Letter from London

We’ve been in London for almost a week and have attended four exhibits and two theatrical productions well that are worth noting if you are in London anytime in the near future.

Royal Academy
The Royal Academy has mounted “Rubens and his Legacy” that outlines how Rubens’ exquisite palate, sumptuous style and nudes have affected artists up to and including in current century. Aside from the wonderful Rubens, the show features stunning work by artists who followed him, from Van Dyke to Picasso, Warhol and beyond. It is well annotated and nicely laid out. We’d recommend it highly.

The Imperial War Museum
The IWM — which I had not visited for almost 50 years — has taken a very refreshing step and is more and more providing interpretive exhibits rather than just displaying the implements of war. While the Museum’s collection is impressive, the museum is increasingly using the items to tell a story that is not only political but social. The new WWI rooms present the war from both viewpoints, and the exhibit is both educational, but, at times, verges on the horrific.

The current special exhibit “Fashion on a Ration” tells the story of how fashion adapted (at times with the aid of the UK government) in a period when demands for fabric (for uniforms) or raw materials (steel) limited the clothing options during WWII. Examples include the absence of zippers in men’s clothing (buttons instead — although none on the sleeves of suits, and cuffs on pants were eliminated to save fabric), and girdles that had to made with the minimum amount of elastic to save rubber. To save fabric , children under 13 (I was one) could only dressed in shorts. The citizens of the UK were implored to “Make Do and Mend.” The government produced films on how do to so, including one on how to darn!

As a child who grew up in the UK during the war and had no idea that clothing was rationed, the exhibit was enlightening. I had never realized the sacrifices made by citizens reached so deeply into their personal life, nor that for the UK government, the management of the war caused them to intrude and manage something as seemingly innocuous as how people looked. This is well worth a visit.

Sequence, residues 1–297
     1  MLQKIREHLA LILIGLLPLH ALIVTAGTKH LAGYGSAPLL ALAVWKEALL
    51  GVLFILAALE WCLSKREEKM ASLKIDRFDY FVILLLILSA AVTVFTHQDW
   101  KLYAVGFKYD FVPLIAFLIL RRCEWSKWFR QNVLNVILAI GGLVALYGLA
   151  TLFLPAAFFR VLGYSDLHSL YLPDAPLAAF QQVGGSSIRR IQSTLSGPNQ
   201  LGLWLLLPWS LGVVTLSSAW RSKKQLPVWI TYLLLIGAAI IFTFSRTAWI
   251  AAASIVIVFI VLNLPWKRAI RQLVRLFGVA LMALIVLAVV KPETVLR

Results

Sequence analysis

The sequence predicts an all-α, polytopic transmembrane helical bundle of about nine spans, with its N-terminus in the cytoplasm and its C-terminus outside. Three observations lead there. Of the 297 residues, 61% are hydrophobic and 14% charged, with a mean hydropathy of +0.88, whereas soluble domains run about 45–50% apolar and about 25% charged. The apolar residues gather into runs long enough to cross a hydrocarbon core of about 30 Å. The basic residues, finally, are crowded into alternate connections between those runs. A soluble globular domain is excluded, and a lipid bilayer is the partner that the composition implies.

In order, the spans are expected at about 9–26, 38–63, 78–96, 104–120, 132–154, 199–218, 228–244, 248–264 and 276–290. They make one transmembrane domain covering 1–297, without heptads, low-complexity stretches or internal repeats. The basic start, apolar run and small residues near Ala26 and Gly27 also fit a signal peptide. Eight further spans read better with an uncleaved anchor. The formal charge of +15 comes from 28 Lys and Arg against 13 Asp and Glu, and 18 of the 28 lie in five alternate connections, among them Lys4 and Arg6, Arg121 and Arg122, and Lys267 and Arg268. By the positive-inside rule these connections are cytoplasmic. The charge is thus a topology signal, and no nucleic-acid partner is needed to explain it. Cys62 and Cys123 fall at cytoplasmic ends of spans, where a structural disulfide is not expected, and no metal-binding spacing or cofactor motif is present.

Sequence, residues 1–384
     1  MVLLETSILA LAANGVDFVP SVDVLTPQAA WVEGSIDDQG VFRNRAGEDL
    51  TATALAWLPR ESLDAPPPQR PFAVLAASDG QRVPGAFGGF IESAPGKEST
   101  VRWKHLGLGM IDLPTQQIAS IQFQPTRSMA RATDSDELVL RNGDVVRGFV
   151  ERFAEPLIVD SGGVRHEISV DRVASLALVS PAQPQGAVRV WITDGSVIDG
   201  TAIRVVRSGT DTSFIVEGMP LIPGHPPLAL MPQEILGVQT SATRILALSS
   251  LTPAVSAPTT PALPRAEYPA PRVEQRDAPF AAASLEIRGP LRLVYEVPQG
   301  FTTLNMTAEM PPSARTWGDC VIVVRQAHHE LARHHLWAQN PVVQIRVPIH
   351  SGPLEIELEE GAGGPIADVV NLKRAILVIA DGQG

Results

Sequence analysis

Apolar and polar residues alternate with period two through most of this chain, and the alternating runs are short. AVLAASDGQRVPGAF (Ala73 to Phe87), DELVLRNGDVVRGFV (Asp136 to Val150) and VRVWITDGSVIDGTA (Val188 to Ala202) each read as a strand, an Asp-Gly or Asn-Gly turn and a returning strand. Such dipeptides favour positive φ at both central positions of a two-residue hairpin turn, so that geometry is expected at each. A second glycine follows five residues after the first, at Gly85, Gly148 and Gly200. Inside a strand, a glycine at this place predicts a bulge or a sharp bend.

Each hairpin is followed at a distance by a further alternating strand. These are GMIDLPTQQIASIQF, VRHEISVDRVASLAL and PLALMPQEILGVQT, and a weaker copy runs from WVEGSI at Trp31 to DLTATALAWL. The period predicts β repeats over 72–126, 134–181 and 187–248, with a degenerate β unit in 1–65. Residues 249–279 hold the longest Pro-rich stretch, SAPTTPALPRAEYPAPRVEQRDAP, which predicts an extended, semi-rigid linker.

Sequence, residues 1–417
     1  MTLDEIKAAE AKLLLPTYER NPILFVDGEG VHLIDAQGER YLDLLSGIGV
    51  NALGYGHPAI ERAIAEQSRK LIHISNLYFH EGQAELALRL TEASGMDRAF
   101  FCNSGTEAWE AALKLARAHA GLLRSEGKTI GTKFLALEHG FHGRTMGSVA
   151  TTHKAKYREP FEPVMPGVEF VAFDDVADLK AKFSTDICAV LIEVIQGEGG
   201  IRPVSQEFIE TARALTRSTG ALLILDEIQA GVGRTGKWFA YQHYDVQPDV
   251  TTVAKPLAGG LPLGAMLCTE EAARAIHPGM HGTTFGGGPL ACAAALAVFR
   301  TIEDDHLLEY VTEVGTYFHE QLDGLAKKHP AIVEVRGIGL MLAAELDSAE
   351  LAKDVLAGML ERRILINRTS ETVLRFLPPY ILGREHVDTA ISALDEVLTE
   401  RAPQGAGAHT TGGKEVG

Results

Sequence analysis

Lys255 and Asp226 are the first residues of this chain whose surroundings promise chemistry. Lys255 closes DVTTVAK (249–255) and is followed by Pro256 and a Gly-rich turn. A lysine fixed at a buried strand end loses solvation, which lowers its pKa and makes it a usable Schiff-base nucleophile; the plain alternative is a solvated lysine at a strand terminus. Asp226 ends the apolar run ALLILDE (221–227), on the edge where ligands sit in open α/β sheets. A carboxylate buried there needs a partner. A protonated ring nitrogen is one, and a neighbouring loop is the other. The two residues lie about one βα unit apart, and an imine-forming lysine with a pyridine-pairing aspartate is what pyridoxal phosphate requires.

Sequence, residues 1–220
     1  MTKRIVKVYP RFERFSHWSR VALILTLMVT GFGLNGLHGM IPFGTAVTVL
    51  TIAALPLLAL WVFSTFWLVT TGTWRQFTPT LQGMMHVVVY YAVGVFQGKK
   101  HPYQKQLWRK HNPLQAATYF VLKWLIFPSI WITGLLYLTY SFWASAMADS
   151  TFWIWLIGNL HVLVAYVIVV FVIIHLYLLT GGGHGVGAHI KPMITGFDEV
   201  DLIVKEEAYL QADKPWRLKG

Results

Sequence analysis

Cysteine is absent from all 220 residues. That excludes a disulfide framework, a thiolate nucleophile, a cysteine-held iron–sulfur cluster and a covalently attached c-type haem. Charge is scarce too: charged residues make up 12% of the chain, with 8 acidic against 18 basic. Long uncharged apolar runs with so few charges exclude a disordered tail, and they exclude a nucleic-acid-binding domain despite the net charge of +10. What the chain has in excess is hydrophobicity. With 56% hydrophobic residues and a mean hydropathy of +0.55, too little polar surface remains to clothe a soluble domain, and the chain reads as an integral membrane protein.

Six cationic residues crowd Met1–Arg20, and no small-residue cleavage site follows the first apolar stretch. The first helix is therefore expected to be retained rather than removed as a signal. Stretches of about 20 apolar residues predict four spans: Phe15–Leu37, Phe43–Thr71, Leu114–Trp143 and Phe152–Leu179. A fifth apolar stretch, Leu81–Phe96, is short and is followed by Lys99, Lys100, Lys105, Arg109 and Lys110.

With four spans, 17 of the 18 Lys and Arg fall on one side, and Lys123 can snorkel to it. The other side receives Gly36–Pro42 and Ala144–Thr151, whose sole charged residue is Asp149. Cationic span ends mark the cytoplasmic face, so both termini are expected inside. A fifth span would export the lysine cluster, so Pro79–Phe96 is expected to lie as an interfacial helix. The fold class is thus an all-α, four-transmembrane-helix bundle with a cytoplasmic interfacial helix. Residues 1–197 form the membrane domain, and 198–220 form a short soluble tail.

The Queens Gallery
The Queens Gallery is adjacent to, but not directly part of Buckingham Palace, and its exhibitions are drawn from the Royal art collection. The current exhibit, “Painting Paradise, The Art of the Garden,” features paintings, manuscripts and drawings that deal with gardens. The art exhibited spans over 500 years, starting with Persian and Mughal drawings. High points include the painting of Henry VIII (see partial view below) and his family, and a perspective painting of the Hampton Court Gardens. It is not a large exhibit, but well worth seeing. A side benefit is that you may get one of the few peeks you’ll ever get (through a doorway) of the gardens at Buckingham Palace. You’ll also appreciate the Royal family’s art collection.

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The National Gallery
There is a magnificent exhibit, “Inventing Impressionism,” that deals with the impressionist paintings sold by the French dealer Paul Durand-Ruel who was among the first, and became the most important, dealers of impressionist art. He actually purchased and inventoried painters who he recognized had not yet received market recognition. The collection of paintings he had touched that have been assembled for this exhibit (over 80 works) is most impressive.

London Theater
While in London we saw Miller’s A View from the Bridge and Shaw’s Man and Superman; we’d recommend them both.

A View from the Bridge is a Young Vic production that moved to the West End to extended its run. The production is directed by Ivo Van Hove and stars an all-British cast headed by Mark Strong. The set is spare and in keeping with the play pretty bleak — essentially no “scenery,” It is performed with no intermission. We and the audience are clearly captivated by a strong play performed by a more than capable cast. The final scene is simply chilling. The only drawbacks are the unfortunate Brooklyn accents of a couple of cast members. This production is largely sold out, but if you are in London you should be able to get seats.

Man and Superman is at the National Theater. Ralph Fiennes plays the lead. This is a truly sold-out production (we got online re-sale tickets; for some productions the scalped tickets are going for 500 pounds), but if you are willing to pay the price, do go. Fiennes is all but incredible in this Shavian retelling of the Don Juan (but backwards) adaptation that tells the story of how a firmly committed bachelor gives in and almost happily gets marriage. The beginning of the second act — Don Juan in Hell — is a tour de force for Fiennes, who holds stage for virtually the entire scene.

Unlike Broadway, where standing ovations have become de rigueur regardless, London audiences are more guarded of their approval, but Fiennes got one and it was well deserved. This is a funny, witty, clever play that enjoys a great set, terrific direction and a universally terrific cast. It was well worth the price.

Martin McKerrow

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